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Today is World Water day. In 2015 the fashion industry consumed 79 billion cubic metres of water- enough to fill 32 million Olympic sized swimming pools. This figure is only set to increase with our estimated usage upping by 50% by 2030.

Why all this water? One of the main ways water is used, and abused within the fashion supply chains is during the dyeing process.  

Orsola De Castro famously said “There is a joke in China that you can tell the 'it' color of the season by looking at the color of the rivers."

Areas of high fashion production like China and Bangladesh are impacted the most, with it being estimated that 70% of the rivers and lakes in China are contaminated by wastewater from the textile industry. 20% of global industrial water pollution comes from the treatment and dyeing of textiles, with the process of dyeing a t-shirt alone using 16-20 litres of water. 80% of the dye is retained by the fabric and the rest is flushed out into the waterways. The water in these rivers does more than ruin the landscape but causes an increase in cancer and skin issues for local communities and those working in the industry.


We knew there had to be a different way. This is our founder Charlotte drinking our dye water (post-filtration). We dye our fabrics at Shakthi knitting based in Tirupur India. Their filtration system means there is zero waste, all the dye water is made into clean drinking water and the sludge leftover is made into bricks. You can check out more photos from this trip on our Pinterest.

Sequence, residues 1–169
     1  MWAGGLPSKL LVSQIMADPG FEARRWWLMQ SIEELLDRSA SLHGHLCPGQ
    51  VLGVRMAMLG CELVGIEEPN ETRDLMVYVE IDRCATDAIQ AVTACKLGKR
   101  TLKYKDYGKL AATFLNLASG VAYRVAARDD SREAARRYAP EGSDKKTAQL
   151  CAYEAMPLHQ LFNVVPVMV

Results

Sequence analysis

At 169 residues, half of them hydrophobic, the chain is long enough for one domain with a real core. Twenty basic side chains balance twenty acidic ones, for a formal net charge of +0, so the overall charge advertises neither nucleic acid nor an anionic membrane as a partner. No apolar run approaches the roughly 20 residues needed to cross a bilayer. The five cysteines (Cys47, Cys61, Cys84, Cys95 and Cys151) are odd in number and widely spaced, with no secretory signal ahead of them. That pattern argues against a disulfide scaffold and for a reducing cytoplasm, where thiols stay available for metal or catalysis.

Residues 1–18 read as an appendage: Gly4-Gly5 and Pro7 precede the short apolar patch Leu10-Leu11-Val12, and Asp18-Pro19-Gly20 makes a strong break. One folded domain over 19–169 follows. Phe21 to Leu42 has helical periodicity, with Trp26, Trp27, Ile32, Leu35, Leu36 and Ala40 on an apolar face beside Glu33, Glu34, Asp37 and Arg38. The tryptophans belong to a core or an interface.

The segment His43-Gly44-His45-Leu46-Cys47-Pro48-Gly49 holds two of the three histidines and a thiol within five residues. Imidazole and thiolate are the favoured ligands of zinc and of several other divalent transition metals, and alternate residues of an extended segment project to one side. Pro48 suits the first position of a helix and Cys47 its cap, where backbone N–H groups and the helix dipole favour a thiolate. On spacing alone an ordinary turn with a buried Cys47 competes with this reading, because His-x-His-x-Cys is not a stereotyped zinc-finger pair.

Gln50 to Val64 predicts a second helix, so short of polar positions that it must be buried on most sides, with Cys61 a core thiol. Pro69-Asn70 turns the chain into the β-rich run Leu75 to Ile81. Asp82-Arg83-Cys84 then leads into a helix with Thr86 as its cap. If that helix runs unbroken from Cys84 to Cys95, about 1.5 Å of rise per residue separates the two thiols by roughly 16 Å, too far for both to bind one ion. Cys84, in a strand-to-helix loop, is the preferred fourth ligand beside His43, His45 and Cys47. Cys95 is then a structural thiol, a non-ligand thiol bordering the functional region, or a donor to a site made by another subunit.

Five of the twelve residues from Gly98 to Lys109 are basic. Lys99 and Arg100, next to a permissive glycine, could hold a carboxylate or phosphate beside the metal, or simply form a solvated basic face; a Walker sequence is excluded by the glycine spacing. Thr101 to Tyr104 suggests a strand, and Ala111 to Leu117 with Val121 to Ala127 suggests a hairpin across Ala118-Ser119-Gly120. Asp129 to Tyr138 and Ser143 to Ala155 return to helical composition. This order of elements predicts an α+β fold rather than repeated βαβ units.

But what can we as consumers do now? We’ve rounded up 3 recommendations for what to do next:

  1. Watch RiverBlue: Can Fashion Save the Planet to gain a deeper understanding of the impact fast fashion has on our global water supply.
  2. Invest in a Guppy bag to help fight microplastic pollution. Fibres come off our clothing everytime we wash them, and account for 85% of fibres found on world shorelines. As they aren’t caught in conventional water treatment plans they flow directly into rivers and into our oceans. A Guppybag enables you to wash all your synthetic clothes, catching the microfibres that are released instead of them flowing into the water system and into the ocean- a small step to fight micro plastic pollution of our oceans!
  3. Buy less! Ultimately the main way to protect our oceans is to buy items like jeans that are good quality and will last you longer so you don’t have to replace them often. Or do your research and buy from brands who dye sustainably.

The fashion industry needs to change, but as consumers we also need to learn and ask questions of them and refuse to support processes and practices that harm people and the planet.

 

    

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